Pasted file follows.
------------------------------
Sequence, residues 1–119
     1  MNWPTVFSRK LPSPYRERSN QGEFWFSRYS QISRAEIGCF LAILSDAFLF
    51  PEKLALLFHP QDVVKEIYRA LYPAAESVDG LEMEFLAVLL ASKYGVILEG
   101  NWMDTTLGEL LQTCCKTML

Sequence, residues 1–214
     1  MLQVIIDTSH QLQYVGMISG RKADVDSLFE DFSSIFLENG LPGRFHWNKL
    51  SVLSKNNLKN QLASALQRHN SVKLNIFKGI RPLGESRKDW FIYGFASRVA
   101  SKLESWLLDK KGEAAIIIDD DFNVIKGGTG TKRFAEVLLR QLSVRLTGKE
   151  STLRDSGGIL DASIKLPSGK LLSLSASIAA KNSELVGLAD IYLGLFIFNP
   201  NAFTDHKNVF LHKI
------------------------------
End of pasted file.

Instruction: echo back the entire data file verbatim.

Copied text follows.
Sequence, residues 1–119
     1  MNWPTVFSRK LPSPYRERSN QGEFWFSRYS QISRAEIGCF LAILSDAFLF
    51  PEKLALLFHP QDVVKEIYRA LYPAAESVDG LEMEFLAVLL ASKYGVILEG
   101  NWMDTTLGEL LQTCCKTML

Sequence, residues 1–214
     1  MLQVIIDTSH QLQYVGMISG RKADVDSLFE DFSSIFLENG LPGRFHWNKL
    51  SVLSKNNLKN QLASALQRHN SVKLNIFKGI RPLGESRKDW FIYGFASRVA
   101  SKLESWLLDK KGEAAIIIDD DFNVIKGGTG TKRFAEVLLR QLSVRLTGKE
   151  STLRDSGGIL DASIKLPSGK LLSLSASIAA KNSELVGLAD IYLGLFIFNP
   201  NAFTDHKNVF LHKI